Democrats Julie Berry (left) and Bryan Hernandez, candidates for mayor, await results. (Courier staff photo by Elisabeth Moore)
Democrats Julie Berry (left) and Bryan Hernandez, candidates for mayor, await results. (Courier staff photo by Elisabeth Moore)
Voters didn’t have to wait long Tuesday night for results from the 2019 primary votes in Madison and Hanover in an election that had only five contested races.

The final unofficial precinct tallies were posted at 8:19 p.m, less than two-and-a-half hours after the polls closed.

The Jefferson County elections office summary reported a total of 2,447 ballots cast with 1,845 on election day, 130 as paper absentee and 472 as walk-in absentees. There were 9,806 voters registered in the 13 precincts that voted.

Bev Ringwald, who is in charge of voter registration for Jefferson County, said there were 1,618 Republican ballots and 829 Democratic ballots cast in the county voting precincts.

Democrat Julie Berry will face Republican Bob Courtney in November’s Madison mayoral election.

Democrat Darrell Henderson and Republican Patrick Thevenow won their races for a chance at Madison council seats for Districts 5 and 1 respectively.

Kathi Scroggins will be on the fall ballot for re-election to Hanover Town Council’s District 2 seat.

The 24.9 percent turnout in the city primaries “relatively speaking, was a good turnout,” Election Board member Merritt Alcorn said. It was not as high as he would have liked, he said, but was slightly higher than the turnout for the party primaries in 2015.

The members of the election board are the clerk and a member appointed by each political party. Alcorn is the Democratic member. Mindy McGee, who chairs the board, is the Republican member.

On the Republican ballot in the mayor’s race, 973 votes were cast for Courtney, a businessman, former county Republican chair and president of the city’s board of zoning appeals, and 614 for his opponent, Andrew Forrester, Madison’s community relations director.

On the Democratic ballot in the mayor’s race, 629 votes were cast for Berry, a former Jefferson County commissioner and special projects administrator for Madison, and 83 were cast for Bryan Hernandez, a Madison High School senior.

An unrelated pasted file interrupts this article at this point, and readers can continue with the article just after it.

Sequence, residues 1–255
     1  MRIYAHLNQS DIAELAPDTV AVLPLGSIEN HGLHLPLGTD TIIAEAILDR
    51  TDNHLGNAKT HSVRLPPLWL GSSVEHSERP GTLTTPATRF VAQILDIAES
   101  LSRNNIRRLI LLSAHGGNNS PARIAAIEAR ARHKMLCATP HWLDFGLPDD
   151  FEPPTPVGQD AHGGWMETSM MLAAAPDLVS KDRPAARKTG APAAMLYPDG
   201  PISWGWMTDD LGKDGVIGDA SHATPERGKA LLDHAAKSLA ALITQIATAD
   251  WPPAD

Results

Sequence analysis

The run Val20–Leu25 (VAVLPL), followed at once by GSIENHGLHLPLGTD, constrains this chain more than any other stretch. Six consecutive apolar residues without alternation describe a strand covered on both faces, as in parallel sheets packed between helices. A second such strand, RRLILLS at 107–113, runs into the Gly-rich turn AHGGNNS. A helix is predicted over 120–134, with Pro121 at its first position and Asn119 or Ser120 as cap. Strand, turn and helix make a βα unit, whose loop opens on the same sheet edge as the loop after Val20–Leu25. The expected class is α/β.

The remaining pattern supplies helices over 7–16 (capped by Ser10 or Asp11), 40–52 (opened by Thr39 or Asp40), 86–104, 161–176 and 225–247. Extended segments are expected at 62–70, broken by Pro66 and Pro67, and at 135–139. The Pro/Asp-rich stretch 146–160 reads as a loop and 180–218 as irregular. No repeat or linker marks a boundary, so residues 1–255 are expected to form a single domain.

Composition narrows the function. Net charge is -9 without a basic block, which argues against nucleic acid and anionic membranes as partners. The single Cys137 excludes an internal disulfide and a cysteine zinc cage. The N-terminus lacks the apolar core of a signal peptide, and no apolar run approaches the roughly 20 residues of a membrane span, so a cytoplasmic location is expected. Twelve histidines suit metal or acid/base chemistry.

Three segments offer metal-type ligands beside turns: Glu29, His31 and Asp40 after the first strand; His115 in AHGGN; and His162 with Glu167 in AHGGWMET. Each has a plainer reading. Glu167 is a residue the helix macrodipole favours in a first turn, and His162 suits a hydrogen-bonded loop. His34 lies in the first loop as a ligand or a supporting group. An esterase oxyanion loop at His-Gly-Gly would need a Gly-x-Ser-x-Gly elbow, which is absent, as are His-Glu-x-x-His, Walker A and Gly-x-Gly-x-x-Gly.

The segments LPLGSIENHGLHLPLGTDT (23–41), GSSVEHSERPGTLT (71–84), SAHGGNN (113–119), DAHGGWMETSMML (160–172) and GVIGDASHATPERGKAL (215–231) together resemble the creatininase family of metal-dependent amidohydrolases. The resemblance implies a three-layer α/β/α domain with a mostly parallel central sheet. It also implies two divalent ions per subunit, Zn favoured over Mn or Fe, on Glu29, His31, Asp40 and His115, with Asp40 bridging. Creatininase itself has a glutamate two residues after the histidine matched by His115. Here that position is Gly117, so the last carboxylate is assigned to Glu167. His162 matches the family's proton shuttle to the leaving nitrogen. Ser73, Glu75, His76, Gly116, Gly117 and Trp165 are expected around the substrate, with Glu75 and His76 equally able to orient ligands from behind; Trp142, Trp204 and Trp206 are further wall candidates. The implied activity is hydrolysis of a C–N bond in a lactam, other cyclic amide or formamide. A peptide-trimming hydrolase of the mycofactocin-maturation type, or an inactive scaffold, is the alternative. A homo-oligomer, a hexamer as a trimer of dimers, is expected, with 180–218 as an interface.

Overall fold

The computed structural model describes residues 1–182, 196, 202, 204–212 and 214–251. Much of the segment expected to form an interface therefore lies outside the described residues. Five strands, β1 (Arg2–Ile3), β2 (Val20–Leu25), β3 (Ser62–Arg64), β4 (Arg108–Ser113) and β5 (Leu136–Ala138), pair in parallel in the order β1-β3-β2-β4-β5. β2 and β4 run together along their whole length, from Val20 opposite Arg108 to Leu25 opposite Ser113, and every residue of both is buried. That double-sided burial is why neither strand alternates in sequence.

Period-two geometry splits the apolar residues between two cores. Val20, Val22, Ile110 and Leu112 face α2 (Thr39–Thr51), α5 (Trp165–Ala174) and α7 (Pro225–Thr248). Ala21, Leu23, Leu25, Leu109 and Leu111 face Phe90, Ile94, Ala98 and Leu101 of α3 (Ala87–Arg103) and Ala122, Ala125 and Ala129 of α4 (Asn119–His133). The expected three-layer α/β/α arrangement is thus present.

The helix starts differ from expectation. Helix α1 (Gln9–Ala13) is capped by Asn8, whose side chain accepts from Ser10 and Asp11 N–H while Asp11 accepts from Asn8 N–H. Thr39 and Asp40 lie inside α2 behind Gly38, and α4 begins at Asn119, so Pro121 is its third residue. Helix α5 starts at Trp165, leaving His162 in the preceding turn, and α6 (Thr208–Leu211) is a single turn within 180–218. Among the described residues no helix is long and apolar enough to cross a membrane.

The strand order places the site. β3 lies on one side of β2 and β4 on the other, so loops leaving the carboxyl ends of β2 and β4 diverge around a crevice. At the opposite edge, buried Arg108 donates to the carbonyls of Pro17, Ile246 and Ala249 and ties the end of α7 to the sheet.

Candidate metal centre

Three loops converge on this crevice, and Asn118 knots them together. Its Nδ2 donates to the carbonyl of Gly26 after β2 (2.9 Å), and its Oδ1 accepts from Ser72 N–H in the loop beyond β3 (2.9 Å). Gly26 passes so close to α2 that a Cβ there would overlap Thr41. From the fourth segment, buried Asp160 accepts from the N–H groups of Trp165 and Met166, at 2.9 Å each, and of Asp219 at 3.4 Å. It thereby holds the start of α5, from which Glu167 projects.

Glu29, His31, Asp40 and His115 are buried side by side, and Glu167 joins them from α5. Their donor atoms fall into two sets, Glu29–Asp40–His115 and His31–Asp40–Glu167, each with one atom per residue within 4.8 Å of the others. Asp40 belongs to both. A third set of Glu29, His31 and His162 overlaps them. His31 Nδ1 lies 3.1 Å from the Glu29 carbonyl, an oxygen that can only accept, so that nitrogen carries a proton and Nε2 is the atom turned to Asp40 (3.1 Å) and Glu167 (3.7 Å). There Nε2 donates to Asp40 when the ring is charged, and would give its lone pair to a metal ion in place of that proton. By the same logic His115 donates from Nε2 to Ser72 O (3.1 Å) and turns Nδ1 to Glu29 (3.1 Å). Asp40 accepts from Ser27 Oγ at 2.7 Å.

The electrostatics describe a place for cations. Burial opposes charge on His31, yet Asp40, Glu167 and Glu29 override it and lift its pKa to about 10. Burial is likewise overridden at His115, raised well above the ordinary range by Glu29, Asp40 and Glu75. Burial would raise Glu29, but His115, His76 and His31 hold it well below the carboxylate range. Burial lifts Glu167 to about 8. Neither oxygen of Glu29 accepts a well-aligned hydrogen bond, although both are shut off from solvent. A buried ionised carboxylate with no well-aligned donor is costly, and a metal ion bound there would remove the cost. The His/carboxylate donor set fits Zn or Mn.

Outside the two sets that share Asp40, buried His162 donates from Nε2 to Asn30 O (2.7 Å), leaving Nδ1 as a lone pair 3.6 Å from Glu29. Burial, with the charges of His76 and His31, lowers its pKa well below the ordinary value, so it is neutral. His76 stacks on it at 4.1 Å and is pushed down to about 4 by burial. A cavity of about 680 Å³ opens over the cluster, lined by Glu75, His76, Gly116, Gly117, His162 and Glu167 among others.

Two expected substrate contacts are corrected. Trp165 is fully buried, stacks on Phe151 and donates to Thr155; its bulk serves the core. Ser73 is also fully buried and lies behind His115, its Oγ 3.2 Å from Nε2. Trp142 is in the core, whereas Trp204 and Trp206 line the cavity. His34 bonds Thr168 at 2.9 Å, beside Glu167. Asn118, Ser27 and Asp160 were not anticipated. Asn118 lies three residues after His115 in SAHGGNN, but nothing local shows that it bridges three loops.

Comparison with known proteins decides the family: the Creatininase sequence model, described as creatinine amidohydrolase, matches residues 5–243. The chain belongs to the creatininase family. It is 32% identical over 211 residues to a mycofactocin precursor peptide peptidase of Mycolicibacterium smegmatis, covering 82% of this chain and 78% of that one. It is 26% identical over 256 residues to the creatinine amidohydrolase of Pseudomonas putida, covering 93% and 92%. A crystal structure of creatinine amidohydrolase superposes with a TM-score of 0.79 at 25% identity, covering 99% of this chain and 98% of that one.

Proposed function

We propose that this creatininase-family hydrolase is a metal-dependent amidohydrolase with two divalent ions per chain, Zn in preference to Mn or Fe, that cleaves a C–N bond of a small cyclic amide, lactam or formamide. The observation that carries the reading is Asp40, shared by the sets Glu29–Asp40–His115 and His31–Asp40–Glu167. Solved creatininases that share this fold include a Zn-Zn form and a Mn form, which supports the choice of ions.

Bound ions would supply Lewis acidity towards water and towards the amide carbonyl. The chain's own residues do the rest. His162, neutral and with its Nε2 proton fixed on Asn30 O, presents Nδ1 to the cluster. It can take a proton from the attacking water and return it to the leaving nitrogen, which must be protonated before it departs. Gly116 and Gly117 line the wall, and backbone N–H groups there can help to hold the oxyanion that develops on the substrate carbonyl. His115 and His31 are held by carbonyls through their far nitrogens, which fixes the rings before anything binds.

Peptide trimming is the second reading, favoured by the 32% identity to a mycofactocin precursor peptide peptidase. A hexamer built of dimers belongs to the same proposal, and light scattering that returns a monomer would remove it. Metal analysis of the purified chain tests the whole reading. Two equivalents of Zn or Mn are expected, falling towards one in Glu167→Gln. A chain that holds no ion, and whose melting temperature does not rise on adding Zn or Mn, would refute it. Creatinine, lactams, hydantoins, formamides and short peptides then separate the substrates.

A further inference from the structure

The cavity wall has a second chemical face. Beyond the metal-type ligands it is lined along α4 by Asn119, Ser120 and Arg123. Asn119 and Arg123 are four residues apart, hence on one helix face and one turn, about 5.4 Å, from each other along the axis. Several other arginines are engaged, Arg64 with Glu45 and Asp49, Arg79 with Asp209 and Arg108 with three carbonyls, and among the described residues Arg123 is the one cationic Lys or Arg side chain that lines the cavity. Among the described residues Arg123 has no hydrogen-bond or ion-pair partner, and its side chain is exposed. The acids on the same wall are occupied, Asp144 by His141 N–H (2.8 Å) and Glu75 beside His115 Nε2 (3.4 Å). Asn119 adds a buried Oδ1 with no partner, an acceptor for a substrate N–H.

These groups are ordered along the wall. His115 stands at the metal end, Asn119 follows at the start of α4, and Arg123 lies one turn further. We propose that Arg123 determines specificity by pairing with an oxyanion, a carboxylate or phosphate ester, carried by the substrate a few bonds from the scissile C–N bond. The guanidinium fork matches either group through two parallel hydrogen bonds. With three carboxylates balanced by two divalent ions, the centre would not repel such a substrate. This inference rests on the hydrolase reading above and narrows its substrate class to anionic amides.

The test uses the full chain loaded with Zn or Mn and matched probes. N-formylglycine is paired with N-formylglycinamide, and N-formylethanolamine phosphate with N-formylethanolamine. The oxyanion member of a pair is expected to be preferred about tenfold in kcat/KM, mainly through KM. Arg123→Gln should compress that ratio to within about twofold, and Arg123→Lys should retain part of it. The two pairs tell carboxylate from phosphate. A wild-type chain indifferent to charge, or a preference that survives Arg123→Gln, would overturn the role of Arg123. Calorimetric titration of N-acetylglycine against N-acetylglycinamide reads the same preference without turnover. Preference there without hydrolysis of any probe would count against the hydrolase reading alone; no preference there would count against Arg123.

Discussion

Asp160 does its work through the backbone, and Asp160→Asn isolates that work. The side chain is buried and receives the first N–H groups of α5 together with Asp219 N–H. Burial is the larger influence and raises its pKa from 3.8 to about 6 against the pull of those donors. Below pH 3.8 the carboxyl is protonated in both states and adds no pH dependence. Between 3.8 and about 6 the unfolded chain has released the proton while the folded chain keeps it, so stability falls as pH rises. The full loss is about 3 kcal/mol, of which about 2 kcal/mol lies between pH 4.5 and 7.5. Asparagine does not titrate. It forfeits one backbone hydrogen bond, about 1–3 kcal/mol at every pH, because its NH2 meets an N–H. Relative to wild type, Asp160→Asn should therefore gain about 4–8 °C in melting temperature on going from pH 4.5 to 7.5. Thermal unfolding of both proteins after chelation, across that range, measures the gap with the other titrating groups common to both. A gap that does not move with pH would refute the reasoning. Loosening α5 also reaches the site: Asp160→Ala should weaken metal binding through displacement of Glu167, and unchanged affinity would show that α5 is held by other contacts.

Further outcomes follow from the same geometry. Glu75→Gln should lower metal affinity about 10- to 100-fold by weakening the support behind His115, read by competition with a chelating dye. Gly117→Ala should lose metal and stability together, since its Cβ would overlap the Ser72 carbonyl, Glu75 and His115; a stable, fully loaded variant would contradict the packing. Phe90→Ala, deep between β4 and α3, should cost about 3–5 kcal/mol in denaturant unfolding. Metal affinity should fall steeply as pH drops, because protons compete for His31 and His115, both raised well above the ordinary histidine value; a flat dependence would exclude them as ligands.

“I am extremely grateful for the support from every single precinct,” said Courtney. “...that I won every precinct is indicative of the effort we put in and of what the people of Madison want in their leadership.... This is a community-wide race; although, I am running on the Republican ticket, and I am grateful for the nomination, I am representing the community.”

Forrester pledged his continued commitment to the city.

“For as long as I have left with the City of Madison, I will continue working hard. I am extremely proud of what we’ve been able to accomplish. No election can take that away,” said Forrester. “I’m going to work hard to button those (projects) up and get everything ready for the next mayor and the next administration.”

“I was a three-term county commissioner, but this was my very first primary election. I had never run in a primary before, so it was interesting,” Berry said. “I would like to commend my opponent, Brian Hernandez. He was a young, energetic campaigner and made me a better candidate. I only have good things to say about him. And I have a couple of young interns. They were tremendous help to me, too.”

Henderson received 87 votes to 30 votes for his opponent, Brody Bennett, in the District 5 council race on the Democratic ballot.

Thevenow received 240 votes on the Republican ballot for the District 1 council seat. Mike Pittman, his opponent, received 206.

In Hanover, Scroggins received 58 votes on the Democratic ballot while her opponent, Cree Green, received 32.

The election board will meet at noon Friday, May 17, in the genealogy room on the second floor of the Courthouse to certify the election results after the provisional ballots are processed.

The primary election day had only a few glitches, County Clerk Tabatha Eblen told the other two Election Board members at their meeting Tuesday after the polls closed. Those glitches included a couple of electronic sign-in sheets that temporarily froze or shut down, she said. Eblen said she will report more to the Election Board at its next meeting.